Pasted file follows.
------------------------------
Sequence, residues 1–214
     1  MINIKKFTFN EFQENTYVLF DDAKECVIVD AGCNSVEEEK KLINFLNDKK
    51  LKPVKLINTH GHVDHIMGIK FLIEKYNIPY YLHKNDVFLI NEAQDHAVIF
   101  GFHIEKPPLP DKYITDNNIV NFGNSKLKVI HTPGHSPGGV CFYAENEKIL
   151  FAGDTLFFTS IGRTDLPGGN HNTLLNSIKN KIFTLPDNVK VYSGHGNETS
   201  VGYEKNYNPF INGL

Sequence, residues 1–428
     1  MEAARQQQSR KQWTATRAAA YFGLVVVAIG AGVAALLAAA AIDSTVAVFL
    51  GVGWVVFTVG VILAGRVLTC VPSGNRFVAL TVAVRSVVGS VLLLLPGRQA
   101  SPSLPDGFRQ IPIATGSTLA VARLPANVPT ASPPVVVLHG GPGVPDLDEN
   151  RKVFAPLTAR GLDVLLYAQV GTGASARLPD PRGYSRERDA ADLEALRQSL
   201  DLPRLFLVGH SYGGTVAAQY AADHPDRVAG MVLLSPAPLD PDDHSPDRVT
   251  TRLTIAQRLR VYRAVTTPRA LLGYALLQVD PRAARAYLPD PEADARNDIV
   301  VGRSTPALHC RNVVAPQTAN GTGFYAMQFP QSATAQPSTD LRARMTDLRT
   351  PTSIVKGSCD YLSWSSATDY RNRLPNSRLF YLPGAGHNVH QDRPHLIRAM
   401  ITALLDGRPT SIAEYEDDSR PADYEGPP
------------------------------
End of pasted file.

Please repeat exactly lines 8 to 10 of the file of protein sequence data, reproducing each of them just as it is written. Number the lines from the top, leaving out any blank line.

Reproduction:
     1  MEAARQQQSR KQWTATRAAA YFGLVVVAIG AGVAALLAAA AIDSTVAVFL
    51  GVGWVVFTVG VILAGRVLTC VPSGNRFVAL TVAVRSVVGS VLLLLPGRQA
   101  SPSLPDGFRQ IPIATGSTLA VARLPANVPT ASPPVVVLHG GPGVPDLDEN